With the new RockShox Domain the suspension giant is bringing its hard-hitting 38mm to affordable price point. More for less.

Product Overview

RockShox Domain suspension fork


  • Unbelievable-value-for-money trail/e-bike fork with 38mm upper tubes. Available in 29 and 27.5in options with four travel options from 160mm to 180mm.


  • As to be expected, the Motion Control damper performance is not quite at the same level as the Charger 2.1. Stock mudguard is way too short for UK conditions.


RockShox Domain RC suspension fork: first ride review


Price as reviewed:


Available for both 27.5in and 29in wheels, the RockShox Domain comes in four travel options: 150mm; 160mm; 170mm and 180mm. There’s a single short 44mm offset and a sleek mudguard option that bolts to the brace for an extra £20.

Read more: Best mountain bike forks – get the best suspension fork for your bike

rockshox domain

In 2020, the suspension fork market was all about the number 38, as both Fox and RockShox launched big and burly single-crown models (Fox 38 and RockShox Zeb respectively). Equipped with 38mm stanchions, these beefcake forks aimed to boost the stiffness of hard-charging e-bikes and enduro bikes. But they came at a price, with Fox’s top-of-the-range 38 coming in at an equally chunky £1,300, and the RockShox Zeb Ultimate not far behind at £969.

What if you quite fancy the extra precision of a stiffer fork on the front of your bike, but can’t stretch to those kinds of prices? Well, boasting a 38mm chassis and up to 180mm of travel, RockShox may just have the answer in the shape of its new £530 Domain – that’s almost half the price of the entry level Fox 38 and £250 less than the cheapest Zeb.

If the name feels familiar, it’s because it was originally offered around 10 years ago as an affordable big-hitter in both single and dual crown versions. Only now it’s been reimagined with that same budget-busting performance, but a burlier chassis and trickle down tech from the Zeb.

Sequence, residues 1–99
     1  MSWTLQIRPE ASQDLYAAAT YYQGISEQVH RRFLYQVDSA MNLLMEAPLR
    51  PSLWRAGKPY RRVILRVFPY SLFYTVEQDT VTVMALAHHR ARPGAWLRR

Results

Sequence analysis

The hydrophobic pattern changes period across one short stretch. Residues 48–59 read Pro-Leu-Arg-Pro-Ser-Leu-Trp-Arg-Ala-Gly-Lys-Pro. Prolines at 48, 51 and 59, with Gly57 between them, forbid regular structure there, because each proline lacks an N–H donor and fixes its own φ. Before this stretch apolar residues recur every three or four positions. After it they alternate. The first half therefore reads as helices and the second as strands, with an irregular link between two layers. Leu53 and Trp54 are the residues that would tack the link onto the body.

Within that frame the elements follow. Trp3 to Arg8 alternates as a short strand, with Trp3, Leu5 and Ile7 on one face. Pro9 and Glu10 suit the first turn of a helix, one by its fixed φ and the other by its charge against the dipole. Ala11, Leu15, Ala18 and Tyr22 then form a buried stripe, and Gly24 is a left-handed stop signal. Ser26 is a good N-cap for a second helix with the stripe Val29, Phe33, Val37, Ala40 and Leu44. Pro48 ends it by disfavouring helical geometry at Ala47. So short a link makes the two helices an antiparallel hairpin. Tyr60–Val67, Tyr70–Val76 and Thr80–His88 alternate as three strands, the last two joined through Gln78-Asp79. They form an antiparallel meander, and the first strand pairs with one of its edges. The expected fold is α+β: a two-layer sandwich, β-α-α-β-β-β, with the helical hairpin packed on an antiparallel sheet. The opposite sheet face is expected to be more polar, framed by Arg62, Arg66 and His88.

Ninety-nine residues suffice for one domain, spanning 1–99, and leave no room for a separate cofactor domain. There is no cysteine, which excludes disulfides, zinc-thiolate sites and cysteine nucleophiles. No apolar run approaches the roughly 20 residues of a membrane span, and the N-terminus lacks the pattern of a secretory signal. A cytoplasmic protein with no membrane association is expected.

There’s the same DebonAir air spring with its supple off-the-top compliance and higher ride height, mated to a Motion Control RC damper that uses a simpler, plastic compression assembly instead of the more sophisticated sealed bladder units found in the Charger damper. What’s really cool, though, is that RockShox makes it easy for you to upgrade to that Charger 2.1 damper further down the line for £325.

RockShox Domain first impressions

Although the Domain features the same Motion Control RC damper that’s plugged into second-tier RockShox Yari fork, the on-trail performance is quite a lot different.

When bombing through rocks gardens or racing down rooty trails, it just didn’t feel as harsh, which we noticed in our hands or rather we didn’t because there wasn’t that compression spike when we hit a lot of those square edges.

The Domain also felt more sensitive and had a softer feel than the Yari. To be fair our sample fork is brand new and has 170mm of travel compared to 160mm travel forks we normally see but maybe that Maxima Plush damping fluid does what it says on the tin.

I’m not sure if it’s the new Maxima Plush damping fluid or the extra stiffness of the 38mm chassis, but the Domain feels way more controlled than the Yari it Motion Control RC damper saves you money now but you can always upgrade later Crown steerer and upper tube assembly is modelled on the top-tier Zeb replaced on my test bike, even though it uses the same damper. Also, I couldn’t feel any of the harshness through my hands that was present with the Yari. Maybe that’s because the Domain is also way more sensitive, but at the same time there’s still plenty of support, so you’re not blowing through the travel on the steep stuff.

Like all forks in RockShox’s family, the Domain is a doddle to set up – adjust the spring pressure to get the correct amount of sag, set the rebound to about six clicks in from full open and get ready to shred. I’ve since added one bottomless token and tweaked the spring pressure and settings all in the interest of testing, but I didn’t really need to do any of that as the Domain RC really is a fit-and-forget fork.

Would I spend my money on the Domain RC? Definitely, because I can’t afford the £950 Zeb. But even if I
Comes in 29in and 27.5in wheel sizes and four travel options Rebound adjustment was perfectly dialled after just six clicks could I’d have to think hard about that because the Domain fills that sub- category way better than the Yari or Revelation ever could. The fact that you can upgrade the damper at a later date means you can have your cake and eat it when funds permit, or when you really must have that final extra five per cent of performance.


Obviously, these are just first impressions, we’ll be putting all this to the test in the coming months, but ride quality for such a cheap fork is impressive.